Four U.K. projects are awarded a total of £51 million ($67 million) of government funding to develop testing infrastructure for autonomous cars.
The four projects will be conducted by HORIBA MIRA, an automotive engineering and development consultancy; Warwick Manufacturing Group, an academic department at the University of Warwick providing research, education and knowledge transfer in engineering, manufacturing and technology; Millbrook Proving Ground, an independent facility for engineering, design and test development of automotive and propulsion systems; and TRL, the U.K.’s largest transport research institution.
These groups are the first to be funded from the government’s £100m ($131 million) Connected and Autonomous Vehicles testing infrastructure program announced in November 2016. The government funding will be matched by investment from industry, The Engineer magazine reports.
HORIBA MIRA in Nuneaton will build a new site alongside its existing vehicle test tracks where automated vehicles can be tested at the limits of their speed and handling to ensure they are safe. Meanwhile, the Millbrook Proving Ground in Bedfordshire and Remote Applications in Challenging Environments, based in the Culham Science Centre in Oxfordshire, will set up a range of different test areas mimicking increasingly realistic city driving environments.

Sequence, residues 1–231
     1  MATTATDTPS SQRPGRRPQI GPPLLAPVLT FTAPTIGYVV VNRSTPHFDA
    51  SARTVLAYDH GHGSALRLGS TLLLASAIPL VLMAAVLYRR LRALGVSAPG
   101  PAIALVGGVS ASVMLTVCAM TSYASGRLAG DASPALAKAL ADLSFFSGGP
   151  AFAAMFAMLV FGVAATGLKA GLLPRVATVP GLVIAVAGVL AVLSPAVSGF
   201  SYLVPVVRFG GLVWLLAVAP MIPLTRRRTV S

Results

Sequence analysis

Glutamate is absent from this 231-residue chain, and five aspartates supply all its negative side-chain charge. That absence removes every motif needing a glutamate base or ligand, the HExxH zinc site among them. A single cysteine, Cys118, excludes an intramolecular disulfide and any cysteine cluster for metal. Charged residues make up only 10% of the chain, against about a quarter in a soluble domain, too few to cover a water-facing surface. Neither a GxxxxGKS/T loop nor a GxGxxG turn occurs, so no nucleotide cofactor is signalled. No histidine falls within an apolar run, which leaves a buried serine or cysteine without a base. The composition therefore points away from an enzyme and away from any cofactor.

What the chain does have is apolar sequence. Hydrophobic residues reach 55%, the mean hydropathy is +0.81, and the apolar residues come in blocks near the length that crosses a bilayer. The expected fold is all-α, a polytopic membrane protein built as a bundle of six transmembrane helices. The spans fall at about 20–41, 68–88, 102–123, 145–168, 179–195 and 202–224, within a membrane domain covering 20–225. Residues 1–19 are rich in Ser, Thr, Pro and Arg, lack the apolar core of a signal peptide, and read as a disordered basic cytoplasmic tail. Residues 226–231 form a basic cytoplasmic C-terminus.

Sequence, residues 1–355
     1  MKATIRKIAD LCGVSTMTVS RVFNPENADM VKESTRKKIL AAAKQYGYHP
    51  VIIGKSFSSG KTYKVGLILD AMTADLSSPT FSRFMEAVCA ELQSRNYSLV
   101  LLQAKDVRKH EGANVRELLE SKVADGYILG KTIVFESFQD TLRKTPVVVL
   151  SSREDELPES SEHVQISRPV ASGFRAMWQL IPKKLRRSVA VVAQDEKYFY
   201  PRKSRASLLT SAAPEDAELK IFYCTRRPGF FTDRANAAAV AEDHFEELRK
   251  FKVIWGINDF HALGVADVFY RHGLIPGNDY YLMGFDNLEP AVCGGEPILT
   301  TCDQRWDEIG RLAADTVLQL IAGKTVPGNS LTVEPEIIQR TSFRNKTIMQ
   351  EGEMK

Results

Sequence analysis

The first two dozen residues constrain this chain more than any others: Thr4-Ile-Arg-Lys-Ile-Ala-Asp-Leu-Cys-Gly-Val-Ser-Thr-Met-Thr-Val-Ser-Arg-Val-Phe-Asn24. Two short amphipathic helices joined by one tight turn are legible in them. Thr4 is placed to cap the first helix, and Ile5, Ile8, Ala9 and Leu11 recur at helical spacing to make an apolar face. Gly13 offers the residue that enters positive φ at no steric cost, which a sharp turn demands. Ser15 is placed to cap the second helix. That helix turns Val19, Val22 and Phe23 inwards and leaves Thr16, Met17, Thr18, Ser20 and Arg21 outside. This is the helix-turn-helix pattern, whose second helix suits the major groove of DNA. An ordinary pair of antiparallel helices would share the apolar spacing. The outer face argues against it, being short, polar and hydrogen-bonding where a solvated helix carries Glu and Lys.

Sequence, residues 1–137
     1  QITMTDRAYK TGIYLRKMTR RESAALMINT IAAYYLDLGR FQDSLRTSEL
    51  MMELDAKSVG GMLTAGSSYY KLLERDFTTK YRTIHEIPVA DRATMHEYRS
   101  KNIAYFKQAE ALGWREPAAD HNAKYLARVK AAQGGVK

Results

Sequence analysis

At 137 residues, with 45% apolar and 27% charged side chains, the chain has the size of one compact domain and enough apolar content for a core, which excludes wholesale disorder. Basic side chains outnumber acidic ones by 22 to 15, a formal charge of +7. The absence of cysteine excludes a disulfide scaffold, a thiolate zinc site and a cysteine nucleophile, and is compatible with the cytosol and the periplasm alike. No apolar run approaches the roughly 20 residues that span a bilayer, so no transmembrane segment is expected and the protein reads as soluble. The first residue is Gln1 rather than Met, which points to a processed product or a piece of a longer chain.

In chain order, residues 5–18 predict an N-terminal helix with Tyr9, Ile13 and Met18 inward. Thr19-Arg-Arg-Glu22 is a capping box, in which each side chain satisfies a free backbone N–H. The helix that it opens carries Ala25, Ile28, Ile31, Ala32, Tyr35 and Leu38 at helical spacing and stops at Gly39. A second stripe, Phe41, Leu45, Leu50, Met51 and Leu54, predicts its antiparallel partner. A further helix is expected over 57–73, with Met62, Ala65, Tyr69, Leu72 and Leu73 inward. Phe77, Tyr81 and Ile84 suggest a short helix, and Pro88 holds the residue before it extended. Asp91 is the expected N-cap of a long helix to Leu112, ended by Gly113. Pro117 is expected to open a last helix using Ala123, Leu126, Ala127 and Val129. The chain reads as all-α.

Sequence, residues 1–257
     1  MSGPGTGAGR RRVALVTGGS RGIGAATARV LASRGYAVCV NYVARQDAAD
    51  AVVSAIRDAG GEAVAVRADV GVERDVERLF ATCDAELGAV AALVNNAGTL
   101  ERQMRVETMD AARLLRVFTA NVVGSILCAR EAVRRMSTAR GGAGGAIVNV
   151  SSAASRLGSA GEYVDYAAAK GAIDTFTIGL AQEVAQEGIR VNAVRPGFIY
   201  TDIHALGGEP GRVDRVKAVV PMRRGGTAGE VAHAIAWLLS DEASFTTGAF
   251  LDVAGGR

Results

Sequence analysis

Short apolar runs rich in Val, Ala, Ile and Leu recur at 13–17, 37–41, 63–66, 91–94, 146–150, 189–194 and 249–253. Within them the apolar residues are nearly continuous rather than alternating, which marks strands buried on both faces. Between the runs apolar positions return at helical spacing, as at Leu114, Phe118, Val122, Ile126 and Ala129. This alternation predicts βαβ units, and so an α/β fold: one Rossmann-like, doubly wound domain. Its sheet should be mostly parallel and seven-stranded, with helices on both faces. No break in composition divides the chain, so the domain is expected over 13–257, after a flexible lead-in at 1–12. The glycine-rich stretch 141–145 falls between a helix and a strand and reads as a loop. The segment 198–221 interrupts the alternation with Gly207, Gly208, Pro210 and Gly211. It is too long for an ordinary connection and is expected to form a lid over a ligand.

The other two projects to win a share of the funding will test automated vehicles in live traffic. The TRL-led Smart Mobility Living Lab initiative will set up live test environments in Greenwich and Stratford’s Olympic Park in London. Warwick Manufacturing Group’s U.K. Central CAV Testbed project will set up real-world test environments in Coventry and Birmingham.
The projects will be managed through the recently established MERIDIAN hub, which was established to coordinate the development of connected- and autonomous-vehicle technology in the U.K.
“As connected and autonomous vehicle technology becomes more complex, ensuring that the U.K. automotive industry has world-leading facilities to test and refine concepts is of imperative importance,” MERIDIAN Director Jim Campbell says.
The research awards were announced the same day the government introduced the Automated and Electric Vehicles Bill, which includes plans to require gas stations across the U.K. to install charge points for electric vehicles, and which also sets out an insurance model for drivers of automated cars.